Burning expensive excavators is madness; use them to fix our bad roads – Central Region chiefs.
Some chiefs in the Central region have expressed their disquiet about the government’s decision to burn excavators seized from illegal miners, describing the approach as complete madness.
According to them, it makes more sense if the heavy and expensive machines are used to fix the deplorable roads in the region than to set them ablaze.
They have thus urged the government to halt the burning of excavators seized by the anti-galamsey taskforce, adding that the approach to fighting the illegal mining aka galamsey is counterproductive.
The Ankobeahen of Twifu Atti-Mokwa Traditional Area who also doubles as the Odikro of Twifu Ntafrewaso, Nana Gyamera Akoto II told EIB Network Central Regional Correspondent Yaw Boagyan that the Minister for Lands and Resources must explain the rationale behind the excavator burning spree.
“As a Chief, I think burning down excavators which have been hugely invested in is madness and shouldn’t be encouraged in this country,” the chief said.
He added that mining in his area, most of which are legal has given job opportunities to most of the Youth in the Central Region, so the government must allow them to carry on with their activities.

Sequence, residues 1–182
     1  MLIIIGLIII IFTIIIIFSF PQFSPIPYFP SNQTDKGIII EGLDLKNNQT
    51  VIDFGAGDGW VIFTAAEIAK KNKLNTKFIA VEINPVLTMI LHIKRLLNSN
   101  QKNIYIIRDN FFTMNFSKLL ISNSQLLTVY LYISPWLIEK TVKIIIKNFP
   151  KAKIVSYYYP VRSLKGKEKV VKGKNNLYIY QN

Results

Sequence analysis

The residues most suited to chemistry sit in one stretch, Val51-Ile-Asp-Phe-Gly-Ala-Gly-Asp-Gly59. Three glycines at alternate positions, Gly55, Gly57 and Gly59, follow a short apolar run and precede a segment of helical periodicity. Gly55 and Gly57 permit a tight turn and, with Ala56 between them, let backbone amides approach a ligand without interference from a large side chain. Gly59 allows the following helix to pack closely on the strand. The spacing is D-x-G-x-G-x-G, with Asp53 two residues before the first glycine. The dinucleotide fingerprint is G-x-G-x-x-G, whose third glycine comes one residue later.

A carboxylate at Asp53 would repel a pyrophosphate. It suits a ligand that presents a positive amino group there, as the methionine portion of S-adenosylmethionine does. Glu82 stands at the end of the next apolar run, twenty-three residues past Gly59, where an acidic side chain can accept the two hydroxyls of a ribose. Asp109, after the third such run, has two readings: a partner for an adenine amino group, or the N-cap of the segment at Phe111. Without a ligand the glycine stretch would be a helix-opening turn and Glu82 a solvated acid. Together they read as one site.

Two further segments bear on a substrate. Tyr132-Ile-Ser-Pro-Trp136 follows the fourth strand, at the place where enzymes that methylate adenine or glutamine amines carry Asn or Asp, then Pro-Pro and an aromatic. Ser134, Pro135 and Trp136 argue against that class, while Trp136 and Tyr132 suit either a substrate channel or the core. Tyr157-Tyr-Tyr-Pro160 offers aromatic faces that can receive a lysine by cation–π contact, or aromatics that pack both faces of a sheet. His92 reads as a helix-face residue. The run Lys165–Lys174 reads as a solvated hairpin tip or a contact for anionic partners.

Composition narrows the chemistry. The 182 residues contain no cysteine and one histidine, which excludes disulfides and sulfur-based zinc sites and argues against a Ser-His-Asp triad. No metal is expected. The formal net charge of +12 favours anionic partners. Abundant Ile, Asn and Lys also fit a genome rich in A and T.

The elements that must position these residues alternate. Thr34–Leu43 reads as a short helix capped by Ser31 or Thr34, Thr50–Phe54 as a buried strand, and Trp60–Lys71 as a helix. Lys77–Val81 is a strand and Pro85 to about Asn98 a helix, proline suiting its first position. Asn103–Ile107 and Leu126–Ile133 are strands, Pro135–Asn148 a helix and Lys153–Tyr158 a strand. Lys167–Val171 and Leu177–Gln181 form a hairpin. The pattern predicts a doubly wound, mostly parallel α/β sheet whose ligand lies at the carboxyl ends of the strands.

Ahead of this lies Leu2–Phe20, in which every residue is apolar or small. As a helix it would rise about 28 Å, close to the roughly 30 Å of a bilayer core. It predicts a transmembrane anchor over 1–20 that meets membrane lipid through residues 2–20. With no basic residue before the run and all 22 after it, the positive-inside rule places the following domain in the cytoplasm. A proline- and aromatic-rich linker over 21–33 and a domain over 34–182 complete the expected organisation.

Out of 25 excavators burnt by the taskforce against illegal mining activities, fifteen (15) of them were reported to be in the Central Region alone.
A report by 3news suggests the excavators were burned in the houses of their owners in Ntafrewaso, Asamoah Krom and Awisem, all in the Twifo Praso District.
The government has renewed its efforts to clamp down on illegal mining, with the military directed to destroy all excavators on site.
Chairman of the National Association of Small-Scale Miners, Alhaji Usman Musah, said six members of the Association were affected by the actions of the taskforce.
“They parked the machines in the house and the military came to the house to burn them. I can send you the videos right now,” he told TV3.
“We don’t know what is happening. They don’t say anything, they don’t ask anything, they don’t ask for document they used explosives to enter the house. They just throw the explosives and then they enter.”
“We know that people working in the forest and also working in water bodies they are the people we are talking about but now here we are!
“People have the license working in small scale mining but at the end of the day the soldiers went into their homes and burnt their machines we don’t know what is happening. You have to ask the government what is his problem?” Alhaji Usman Musah added.